The immigration court system has long attracted criticism for its patchy, lackluster efforts to provide high-quality language interpretation. A 2011 report by the Brennan Center for Justice at New York University found that the Justice Department consistently failed to provide meaningful language access in immigration courts…

Despite the confusion caused by the author switching back and forth between the terms “interpreting” and “translating,” I’m going to call this a win. Our profession is gaining traction and visibility in the States. There is hope!

Read the BuzzFeed article here: www.buzzfeed.com

What do you think? What are your experiences? Share away!

What non-translators think of translators

Over the past few years, I’ve had the pleasure of working closely with more direct clients on a wide range of tasks: consulting, recruiting, managing, interpreting, and translating.

However, hearing what non-translators think of professional linguists… was not always pretty. Take a look at some of the comments I’ve heard from different buyers:

  • We’re an exclusive crowd. We can be difficult to talk to, hard to reach, and suspicious of outsiders (even though they are our potential clients).
  • We’re not the most flexible. In the interest of portraying confidence and defending our “turf,” we’re frequently unwilling to budge in any area of negotiation—which leaves the client wondering where their side of the win-win went.

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  • We are openly hostile towards technology. And it scares aware customers who aren’t sure why we’d take that stance, even though it could soothe some of those negotiation points.
  • We’re quirky. Sometimes a positive trait, sometimes a negative.
  • We’re incredibly intelligent. When we finally get talking, it’s clear we know a lot about our subject areas, languages, and cultures.
  • We help people move forward with their lives. People come to us with serious roadblocks to their business, immigration, healthcare needs… you name it. And when we can remove those for them, it’s a major relief.

I offer these as some free market research for all my fellow linguists (in the United States, at least), along with a challenge:

Let’s use the positive comments to our advantage, and change the negatives for the better. Lead with your knowledge, ask intelligent questions, and let people know you’re ready and willing to help them communicate. Talk to local business owners. Correct the myths about our industry.

We do amazing things every day. Our reputation should match that!

Have you heard these comments before? Do any of these surprise you? How do you address the good, the bad, and the ugly in your business interactions?

Proofreaders’ marks

Thanks to everyone who participated in today’s webinar with the ATA! It was fun leading you through the creation of a proofreading system. I’ll be following up on some questions that came up afterwards over the next few days.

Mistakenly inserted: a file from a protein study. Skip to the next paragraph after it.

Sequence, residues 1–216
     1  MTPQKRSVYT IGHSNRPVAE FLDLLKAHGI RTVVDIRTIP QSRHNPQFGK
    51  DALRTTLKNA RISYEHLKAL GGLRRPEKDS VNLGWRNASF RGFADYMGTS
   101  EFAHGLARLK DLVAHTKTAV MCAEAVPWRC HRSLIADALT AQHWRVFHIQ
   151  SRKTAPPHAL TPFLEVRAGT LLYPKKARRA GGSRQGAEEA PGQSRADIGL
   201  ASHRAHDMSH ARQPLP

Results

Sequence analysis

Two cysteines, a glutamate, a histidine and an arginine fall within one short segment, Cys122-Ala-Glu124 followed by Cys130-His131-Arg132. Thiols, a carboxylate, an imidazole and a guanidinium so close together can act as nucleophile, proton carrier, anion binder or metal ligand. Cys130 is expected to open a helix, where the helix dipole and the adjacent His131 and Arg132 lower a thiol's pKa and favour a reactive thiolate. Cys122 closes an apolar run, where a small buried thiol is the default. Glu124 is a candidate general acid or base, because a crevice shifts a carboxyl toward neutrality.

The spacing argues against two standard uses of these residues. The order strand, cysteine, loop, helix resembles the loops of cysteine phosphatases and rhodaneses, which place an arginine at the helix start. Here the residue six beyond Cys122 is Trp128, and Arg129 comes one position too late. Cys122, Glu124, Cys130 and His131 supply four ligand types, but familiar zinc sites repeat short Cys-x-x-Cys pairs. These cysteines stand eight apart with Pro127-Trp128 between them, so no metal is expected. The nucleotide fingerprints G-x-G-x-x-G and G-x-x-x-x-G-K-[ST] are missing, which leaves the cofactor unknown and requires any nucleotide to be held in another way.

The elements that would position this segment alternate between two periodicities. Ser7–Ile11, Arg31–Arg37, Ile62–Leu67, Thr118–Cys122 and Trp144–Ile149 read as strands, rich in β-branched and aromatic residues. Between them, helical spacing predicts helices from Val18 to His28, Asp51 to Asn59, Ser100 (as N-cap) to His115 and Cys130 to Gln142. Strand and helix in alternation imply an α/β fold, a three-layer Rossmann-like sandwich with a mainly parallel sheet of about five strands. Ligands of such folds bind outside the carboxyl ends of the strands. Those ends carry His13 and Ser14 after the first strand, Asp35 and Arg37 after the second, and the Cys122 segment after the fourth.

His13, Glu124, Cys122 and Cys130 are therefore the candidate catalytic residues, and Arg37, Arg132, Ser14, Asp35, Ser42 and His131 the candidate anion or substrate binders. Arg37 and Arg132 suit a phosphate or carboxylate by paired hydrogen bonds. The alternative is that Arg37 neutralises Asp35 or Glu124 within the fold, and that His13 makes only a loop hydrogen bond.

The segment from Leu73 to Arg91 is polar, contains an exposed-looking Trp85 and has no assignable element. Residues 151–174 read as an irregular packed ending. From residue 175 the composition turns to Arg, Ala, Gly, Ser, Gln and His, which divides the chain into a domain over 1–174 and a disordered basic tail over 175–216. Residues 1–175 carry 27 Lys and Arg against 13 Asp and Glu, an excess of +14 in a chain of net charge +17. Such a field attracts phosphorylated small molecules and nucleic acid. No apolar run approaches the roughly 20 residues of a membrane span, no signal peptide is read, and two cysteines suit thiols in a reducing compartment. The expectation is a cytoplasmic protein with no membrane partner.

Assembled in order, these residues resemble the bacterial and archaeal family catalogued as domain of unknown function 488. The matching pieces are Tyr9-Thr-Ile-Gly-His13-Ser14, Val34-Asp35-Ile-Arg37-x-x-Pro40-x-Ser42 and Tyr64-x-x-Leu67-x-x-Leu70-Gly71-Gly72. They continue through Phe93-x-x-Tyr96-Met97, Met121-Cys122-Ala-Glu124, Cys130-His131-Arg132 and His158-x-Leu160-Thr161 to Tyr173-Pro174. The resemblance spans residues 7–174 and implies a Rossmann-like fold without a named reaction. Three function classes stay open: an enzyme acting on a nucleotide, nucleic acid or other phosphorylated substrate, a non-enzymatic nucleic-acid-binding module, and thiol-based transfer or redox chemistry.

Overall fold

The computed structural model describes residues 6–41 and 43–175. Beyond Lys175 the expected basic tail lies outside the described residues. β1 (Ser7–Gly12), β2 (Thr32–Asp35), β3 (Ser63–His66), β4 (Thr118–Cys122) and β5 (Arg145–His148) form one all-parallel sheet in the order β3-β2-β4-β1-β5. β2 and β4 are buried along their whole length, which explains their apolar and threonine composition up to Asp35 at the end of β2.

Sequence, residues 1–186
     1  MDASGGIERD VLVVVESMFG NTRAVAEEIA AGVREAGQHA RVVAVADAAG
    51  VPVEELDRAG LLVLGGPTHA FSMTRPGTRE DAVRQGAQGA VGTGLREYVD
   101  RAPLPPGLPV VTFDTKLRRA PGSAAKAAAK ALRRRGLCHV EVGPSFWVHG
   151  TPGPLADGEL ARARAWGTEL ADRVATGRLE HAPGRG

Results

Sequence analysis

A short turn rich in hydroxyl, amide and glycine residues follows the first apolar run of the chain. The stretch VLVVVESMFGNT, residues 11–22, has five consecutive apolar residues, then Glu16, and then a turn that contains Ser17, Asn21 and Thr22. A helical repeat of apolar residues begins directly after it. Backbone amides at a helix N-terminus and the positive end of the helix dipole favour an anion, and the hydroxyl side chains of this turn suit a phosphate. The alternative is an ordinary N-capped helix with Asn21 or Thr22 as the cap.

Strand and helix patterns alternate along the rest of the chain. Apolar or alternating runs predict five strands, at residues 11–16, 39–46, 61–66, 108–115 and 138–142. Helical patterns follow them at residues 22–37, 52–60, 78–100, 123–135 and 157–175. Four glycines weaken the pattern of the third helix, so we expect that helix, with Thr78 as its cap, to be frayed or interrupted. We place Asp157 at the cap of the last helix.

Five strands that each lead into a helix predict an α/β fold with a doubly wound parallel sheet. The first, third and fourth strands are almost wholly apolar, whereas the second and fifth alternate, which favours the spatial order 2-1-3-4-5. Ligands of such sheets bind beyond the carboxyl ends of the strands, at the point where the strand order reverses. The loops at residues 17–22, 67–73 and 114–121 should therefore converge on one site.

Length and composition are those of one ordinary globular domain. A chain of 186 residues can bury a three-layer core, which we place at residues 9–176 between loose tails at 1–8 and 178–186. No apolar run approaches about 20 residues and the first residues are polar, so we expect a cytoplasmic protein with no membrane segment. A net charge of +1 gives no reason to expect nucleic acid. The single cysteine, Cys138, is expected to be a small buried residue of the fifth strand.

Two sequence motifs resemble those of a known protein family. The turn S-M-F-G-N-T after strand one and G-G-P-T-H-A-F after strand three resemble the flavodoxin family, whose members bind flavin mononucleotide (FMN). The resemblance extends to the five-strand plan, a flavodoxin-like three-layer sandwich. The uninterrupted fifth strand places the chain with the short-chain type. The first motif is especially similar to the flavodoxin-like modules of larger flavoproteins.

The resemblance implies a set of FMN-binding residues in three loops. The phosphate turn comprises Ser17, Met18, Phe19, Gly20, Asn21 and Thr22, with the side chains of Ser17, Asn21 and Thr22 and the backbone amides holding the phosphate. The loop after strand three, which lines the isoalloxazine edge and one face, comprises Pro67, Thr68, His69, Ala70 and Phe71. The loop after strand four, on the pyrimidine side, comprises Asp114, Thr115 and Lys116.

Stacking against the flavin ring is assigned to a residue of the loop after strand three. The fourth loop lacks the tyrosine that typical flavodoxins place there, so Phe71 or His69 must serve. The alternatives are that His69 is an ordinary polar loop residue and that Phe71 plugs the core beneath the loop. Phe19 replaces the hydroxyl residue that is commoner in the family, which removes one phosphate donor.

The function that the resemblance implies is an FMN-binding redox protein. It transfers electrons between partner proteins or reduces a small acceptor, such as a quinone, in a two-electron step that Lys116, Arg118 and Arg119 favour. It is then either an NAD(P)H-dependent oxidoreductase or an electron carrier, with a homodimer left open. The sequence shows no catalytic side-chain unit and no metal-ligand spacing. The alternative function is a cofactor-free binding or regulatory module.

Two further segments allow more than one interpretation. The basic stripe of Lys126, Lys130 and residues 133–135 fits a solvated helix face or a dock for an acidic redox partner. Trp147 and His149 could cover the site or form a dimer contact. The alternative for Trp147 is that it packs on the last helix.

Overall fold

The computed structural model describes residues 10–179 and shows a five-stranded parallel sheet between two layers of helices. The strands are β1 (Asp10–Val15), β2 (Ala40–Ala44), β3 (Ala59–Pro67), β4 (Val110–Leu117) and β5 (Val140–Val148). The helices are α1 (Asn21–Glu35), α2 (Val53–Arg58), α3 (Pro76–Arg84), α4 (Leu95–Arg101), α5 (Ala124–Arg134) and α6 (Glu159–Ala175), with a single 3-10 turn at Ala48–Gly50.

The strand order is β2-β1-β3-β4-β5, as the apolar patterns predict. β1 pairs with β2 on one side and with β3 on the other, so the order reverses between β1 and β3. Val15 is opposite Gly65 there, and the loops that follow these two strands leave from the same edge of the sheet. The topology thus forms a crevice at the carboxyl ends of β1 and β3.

One participant asked, “Where can we download or get the proofreaders’ marks?” That’s an easy one, so here you go:

http://www.merriam-webster.com/mw/table/proofrea.htm

And a similar version from the Chicago Manual of Style:

Chicago Manual of Style proofreaders' marksHappy translating (and proofreading)!
Carolyn

Quality assurance training opportunity

A little bit of exciting news:

The American Translators Association is hosting a webinar with me on June 16th, 12pm (noon) EDT. I’ll present techniques and tricks for proofreading your work efficiently and effectively, plus some of the science behind why they work. Register here today!

Here’s a quick sampling of my reference materials:
Building Great Sentences, by Brooks Landon
The Fine Art of Copyediting, by Elsie Myers Stainton
The Organized Mind, by Daniel J. Levitin

For more information, click here. I hope you can join us!

Dealing with change

It has been a long while since I’ve shared my thoughts with you, and that deserves some explanation. The last year has brought some significant shifts in my private life. Something had to give. I hope you have enjoyed scouring the archives in the meantime.

Without making any promises about the regularity of future posts, I want to share some ideas that helped me keep my business growing while dealing with the heavier stuff behind the scenes. No one is immune to change, whether to their health, relationships, or goals. You have to learn to manage them—wanted or not.

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1. Systems and routines minimize the energy you must spend on your business and allow you to maintain some semblance of continuity. You should decide in advance which systems are essential, and which can be let go temporarily.

I suggest keeping a bare-bones social media presence alive, a daily industry news habit, and the administrative and production tasks that regular client work demands. Everything else—seeking out lots of new business, building fun marketing campaigns, planning world domination—can probably slip a little without harming your business. Look at your own data and make the call. Think of it as part of your emergency preparedness plan.

2. A wise person once told me, “Relax. This will not be the biggest growth period in your business history, and that’s OK. That can come later. Probably sooner than you expect.” Don’t force it. Accept that the present will become the past, quickly.